How much do they cost?

Cyclotrons are expensive for an individual hospital, but relative to the cost of a nuclear facility, their cost is small. Winnipeg's Health Sciences Centre spent $5 million to add a cyclotron this year, just a small part of the medical facility's $150-million expenditure on its Siemens Institute for Advanced Medicine. Other institutions across Canada have built or are building cyclotron facilities at costs ranging from $2.5 million to $6 million. A nuclear reactor, on the other hand, costs about $1 billion to build.

But the cyclotron is only one part of using medical isotopes, since they need to be near PET scanners to be useful. PET scanners can cost another $2 million to $3 million, said Ruth. There is also maintenance and operating costs for the hospitals, said Ruth.

Are cyclotrons capable of replacing reactors?

Ruth said our need for reactor isotopes isn't going to go away anytime soon.

"We're going to need molybdenum-99 and technetium-99 for at least another decade," he said. "Cyclotron-produced isotopes can help, but they can't completely replace the other isotopes because they are so short-lived."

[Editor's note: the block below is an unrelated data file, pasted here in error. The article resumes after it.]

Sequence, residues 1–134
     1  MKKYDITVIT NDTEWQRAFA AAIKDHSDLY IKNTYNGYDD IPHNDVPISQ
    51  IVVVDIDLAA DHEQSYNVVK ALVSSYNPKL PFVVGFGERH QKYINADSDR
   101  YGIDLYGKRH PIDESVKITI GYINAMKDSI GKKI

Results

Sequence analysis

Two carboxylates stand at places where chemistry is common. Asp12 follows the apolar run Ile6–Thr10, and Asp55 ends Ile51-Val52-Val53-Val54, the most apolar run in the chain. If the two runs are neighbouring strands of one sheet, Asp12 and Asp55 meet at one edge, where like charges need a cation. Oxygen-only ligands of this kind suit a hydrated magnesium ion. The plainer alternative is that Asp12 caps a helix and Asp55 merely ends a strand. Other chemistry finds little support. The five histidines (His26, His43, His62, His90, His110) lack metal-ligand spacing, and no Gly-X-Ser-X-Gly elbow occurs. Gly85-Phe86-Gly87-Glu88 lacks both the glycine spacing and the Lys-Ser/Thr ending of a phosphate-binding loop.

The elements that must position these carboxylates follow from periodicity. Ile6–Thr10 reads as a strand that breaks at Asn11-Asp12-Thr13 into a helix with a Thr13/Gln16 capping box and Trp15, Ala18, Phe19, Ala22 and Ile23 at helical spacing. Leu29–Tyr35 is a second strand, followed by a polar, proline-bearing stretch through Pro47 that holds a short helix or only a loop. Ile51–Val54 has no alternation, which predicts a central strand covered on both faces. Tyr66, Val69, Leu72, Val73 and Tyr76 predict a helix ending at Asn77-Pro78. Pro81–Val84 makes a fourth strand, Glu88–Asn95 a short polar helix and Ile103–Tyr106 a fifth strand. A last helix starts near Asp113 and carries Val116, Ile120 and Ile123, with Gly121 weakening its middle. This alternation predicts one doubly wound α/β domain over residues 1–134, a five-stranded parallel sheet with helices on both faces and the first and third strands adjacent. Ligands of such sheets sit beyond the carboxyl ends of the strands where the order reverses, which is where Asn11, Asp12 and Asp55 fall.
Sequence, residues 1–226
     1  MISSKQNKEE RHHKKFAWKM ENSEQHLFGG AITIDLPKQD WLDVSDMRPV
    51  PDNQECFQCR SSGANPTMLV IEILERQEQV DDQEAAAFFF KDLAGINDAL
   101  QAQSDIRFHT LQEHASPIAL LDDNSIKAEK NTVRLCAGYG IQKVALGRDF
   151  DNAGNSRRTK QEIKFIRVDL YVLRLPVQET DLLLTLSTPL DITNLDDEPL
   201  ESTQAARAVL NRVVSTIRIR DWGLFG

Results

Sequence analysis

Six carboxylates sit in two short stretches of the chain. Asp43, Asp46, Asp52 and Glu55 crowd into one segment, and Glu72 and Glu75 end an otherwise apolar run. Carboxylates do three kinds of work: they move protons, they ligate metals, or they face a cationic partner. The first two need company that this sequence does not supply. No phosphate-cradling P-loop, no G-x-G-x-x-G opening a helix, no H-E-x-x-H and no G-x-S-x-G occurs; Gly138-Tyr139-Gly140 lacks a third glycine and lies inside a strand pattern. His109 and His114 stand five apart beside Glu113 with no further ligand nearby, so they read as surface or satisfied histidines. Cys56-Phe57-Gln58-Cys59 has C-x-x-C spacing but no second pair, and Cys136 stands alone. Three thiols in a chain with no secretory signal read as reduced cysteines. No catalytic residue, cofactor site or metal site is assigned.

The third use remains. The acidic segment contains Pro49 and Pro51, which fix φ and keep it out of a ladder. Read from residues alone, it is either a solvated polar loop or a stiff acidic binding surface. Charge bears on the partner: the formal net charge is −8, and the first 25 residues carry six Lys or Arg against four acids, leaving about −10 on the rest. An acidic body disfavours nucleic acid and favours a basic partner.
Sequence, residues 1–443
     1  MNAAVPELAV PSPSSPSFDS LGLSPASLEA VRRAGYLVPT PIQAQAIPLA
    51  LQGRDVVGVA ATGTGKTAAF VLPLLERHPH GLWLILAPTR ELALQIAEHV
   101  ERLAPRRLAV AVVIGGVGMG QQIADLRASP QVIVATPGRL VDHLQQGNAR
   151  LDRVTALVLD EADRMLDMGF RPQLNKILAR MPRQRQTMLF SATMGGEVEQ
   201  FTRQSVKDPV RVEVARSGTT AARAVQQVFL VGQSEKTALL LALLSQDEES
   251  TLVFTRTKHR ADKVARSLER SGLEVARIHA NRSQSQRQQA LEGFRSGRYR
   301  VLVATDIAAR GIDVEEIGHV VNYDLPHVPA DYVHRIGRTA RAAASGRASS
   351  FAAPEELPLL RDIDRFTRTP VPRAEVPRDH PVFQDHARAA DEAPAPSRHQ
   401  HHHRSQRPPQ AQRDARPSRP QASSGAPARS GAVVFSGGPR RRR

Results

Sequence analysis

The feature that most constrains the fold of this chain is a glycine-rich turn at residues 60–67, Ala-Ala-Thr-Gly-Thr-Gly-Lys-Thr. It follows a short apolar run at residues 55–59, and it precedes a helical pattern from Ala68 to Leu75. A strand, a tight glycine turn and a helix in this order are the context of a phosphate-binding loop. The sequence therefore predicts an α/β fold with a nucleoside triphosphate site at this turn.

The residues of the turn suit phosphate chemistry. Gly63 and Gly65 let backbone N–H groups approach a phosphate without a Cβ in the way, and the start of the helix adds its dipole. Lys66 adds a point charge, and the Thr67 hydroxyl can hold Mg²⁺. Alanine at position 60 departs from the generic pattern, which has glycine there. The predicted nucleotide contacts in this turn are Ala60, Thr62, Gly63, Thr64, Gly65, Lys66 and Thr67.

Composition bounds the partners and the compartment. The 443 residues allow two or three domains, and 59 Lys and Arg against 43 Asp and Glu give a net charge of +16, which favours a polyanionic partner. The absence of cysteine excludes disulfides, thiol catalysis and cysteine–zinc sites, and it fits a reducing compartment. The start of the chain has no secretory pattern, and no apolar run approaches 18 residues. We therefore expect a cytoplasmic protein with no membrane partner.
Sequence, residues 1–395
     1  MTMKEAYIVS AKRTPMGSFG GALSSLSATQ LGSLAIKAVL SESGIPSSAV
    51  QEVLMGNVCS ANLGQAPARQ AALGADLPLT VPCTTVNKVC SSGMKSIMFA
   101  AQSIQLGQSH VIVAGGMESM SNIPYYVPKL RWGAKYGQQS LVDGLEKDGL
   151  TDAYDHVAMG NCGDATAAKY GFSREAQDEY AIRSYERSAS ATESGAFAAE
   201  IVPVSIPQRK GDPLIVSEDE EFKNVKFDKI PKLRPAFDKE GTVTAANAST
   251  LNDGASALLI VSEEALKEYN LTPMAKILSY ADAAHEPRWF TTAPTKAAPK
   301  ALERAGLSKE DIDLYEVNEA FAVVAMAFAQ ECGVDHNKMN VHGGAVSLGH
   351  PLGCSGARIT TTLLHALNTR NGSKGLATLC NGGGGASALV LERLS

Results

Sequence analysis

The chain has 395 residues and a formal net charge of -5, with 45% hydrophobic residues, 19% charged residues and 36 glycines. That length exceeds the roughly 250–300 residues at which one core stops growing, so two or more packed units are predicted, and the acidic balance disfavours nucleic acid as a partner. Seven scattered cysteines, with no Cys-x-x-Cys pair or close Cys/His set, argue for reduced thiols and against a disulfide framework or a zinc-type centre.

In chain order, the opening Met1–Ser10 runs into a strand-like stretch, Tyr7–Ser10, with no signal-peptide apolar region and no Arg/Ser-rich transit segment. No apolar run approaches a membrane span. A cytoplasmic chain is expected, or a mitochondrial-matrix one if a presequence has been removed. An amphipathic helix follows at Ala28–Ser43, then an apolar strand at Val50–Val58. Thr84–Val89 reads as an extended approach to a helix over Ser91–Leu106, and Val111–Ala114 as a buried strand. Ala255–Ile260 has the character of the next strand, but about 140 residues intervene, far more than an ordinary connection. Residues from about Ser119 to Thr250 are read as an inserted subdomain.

Ruth is working on developing a research network with the other Canadian cyclotron facilities to work to create new isotopes that can be used in PET scanners. He also hopes the government can help fund research into other technologies, such as particle accelerator technology, in which an accelerator fires photons at a relatively stable uranium isotope, uranium 238, to produce isotopes. Scientists have concluded that such accelerators could be built in principle, but research is needed to verify those conclusions before they could become a reality, he said.

In the meantime, he said, cyclotrons have more than proven their worth to the medical community where they are present.

"Anecdotally I know there are some oncologists [doctors who deal with cancerous tumours] who will not perform surgeries unless they've seen a PET scan," he said. "They have become a huge part of the decision making process."